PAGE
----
And so can we. We cannot all be theologians, at least not systematic ones. And, thank God, we needn’t be; we aren’t expected to. But we can all love God. What is more, we can share in this holy mystery, this precious gift of the Holy Eucharist, in which our Lord and Savior Jesus Christ assures us that he is present. Here at this earthly altar we taste heavenly food, as Jesus gives us his Body and Blood, this spiritual food and drink of new and unending life in him.

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Years ago, when I was beginning to consider giving up my career in the theater to serve the church, an actor friend of mine told me he thought I was making a terrible mistake. He was an agnostic, a rather badly burned ex-Roman Catholic who had lived through the worst of a very restrictive upbringing. He didn’t believe in God — but did believe in flying saucers. He thought humanity was created and guided by space aliens, for some reason known only to them. He was always full of the latest news on sightings of space ships, as proof of the existence of the aliens he believed in instead of God. One day I told him I really didn’tput much stock in the whole theory of aliens, and he said, “O.K., then, when was the last time Jesus appeared?” Almost at once I said, “Last Sunday morning, on the altar at Trinity Episcopal Church!” So perhaps it is fitting that he finally got a recurring role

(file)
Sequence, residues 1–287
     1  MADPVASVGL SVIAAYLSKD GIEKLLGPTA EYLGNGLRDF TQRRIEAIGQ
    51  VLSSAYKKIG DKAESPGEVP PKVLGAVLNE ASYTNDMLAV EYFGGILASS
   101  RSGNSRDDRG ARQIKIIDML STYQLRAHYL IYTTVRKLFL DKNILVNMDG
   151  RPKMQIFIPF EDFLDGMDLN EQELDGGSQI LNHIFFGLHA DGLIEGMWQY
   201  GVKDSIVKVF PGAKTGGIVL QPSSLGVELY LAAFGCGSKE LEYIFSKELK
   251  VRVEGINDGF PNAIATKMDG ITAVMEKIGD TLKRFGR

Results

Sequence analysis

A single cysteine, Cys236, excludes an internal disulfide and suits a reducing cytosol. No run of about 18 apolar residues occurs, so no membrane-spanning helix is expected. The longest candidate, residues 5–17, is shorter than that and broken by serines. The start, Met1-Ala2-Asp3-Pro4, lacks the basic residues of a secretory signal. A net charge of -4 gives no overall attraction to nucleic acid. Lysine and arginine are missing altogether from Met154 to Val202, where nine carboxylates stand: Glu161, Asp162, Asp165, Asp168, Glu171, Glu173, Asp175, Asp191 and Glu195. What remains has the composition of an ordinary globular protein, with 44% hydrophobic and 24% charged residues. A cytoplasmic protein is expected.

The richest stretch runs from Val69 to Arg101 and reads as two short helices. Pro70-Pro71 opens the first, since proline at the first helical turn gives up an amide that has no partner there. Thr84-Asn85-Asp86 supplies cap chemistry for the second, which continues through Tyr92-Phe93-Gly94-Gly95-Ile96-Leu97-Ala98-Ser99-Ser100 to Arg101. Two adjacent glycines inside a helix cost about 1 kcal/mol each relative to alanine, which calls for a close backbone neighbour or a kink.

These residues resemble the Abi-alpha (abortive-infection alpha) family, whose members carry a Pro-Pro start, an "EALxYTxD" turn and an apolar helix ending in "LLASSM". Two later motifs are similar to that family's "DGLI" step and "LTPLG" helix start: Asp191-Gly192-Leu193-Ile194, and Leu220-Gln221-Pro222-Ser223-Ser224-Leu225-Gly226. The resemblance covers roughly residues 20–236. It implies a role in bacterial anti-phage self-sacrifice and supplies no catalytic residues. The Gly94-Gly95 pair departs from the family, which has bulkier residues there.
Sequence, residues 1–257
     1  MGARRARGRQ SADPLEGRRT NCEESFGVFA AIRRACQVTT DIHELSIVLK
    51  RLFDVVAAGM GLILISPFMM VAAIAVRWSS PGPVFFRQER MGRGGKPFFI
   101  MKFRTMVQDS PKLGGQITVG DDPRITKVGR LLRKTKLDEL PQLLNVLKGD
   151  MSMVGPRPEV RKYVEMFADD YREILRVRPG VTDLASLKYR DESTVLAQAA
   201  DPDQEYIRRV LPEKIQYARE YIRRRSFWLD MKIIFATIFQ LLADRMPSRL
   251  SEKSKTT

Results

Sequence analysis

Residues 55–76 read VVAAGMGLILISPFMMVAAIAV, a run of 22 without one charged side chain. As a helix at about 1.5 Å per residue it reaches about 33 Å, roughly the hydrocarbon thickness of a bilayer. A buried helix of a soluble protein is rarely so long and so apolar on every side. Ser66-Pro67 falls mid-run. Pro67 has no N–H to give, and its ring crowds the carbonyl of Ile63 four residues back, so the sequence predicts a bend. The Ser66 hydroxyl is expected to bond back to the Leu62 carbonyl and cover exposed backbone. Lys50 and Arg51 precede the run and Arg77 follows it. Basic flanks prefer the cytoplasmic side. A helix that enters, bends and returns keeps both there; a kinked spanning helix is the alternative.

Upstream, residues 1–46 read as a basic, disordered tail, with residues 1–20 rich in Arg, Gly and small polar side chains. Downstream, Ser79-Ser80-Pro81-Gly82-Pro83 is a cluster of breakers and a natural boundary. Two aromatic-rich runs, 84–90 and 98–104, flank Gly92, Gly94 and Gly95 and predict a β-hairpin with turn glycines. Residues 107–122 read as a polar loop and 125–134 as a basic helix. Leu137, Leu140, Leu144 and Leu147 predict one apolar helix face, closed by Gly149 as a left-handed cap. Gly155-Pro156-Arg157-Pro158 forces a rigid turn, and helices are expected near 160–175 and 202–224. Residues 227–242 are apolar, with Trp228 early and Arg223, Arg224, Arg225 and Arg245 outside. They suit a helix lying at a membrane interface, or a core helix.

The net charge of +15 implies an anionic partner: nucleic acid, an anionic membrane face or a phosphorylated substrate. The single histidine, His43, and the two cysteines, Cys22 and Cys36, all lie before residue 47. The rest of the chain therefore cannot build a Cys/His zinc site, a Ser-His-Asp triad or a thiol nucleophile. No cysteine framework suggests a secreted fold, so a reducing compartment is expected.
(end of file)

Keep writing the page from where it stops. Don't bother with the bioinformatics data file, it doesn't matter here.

in Star Trek: The Next Generation, and I ended up here!

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Whether space aliens have been here or not, I trust that Jesus has been here, and is here, and will be here, till even this type and shadow ends and ceremonies cease, and we behold the glory unabated, face to face. That is the truth, if we are prepared, with loving hearts, to accept it. Jesus comes to us today, hidden with, in and under bread and wine. We are granted a glimpse of Christ’s presence, a glimpse granted to those who love him, to those who seek him, and who seeking, loving, find.

I would like to end this sermon with the words of Thomas Aquinas, the words of one of his love songs to God written about eight years before his life-changing experience of 1273. The song ends like this:

Jesus, whom now hidden, I by faith behold,
what my soul doth long for, that thy word foretold:
face to face thy splendor, I at last shall see,
in the glorious vision, blessed Lord, of thee.

Never give up looking for God — who has never given up on you. Seek, and love, and you shall find.+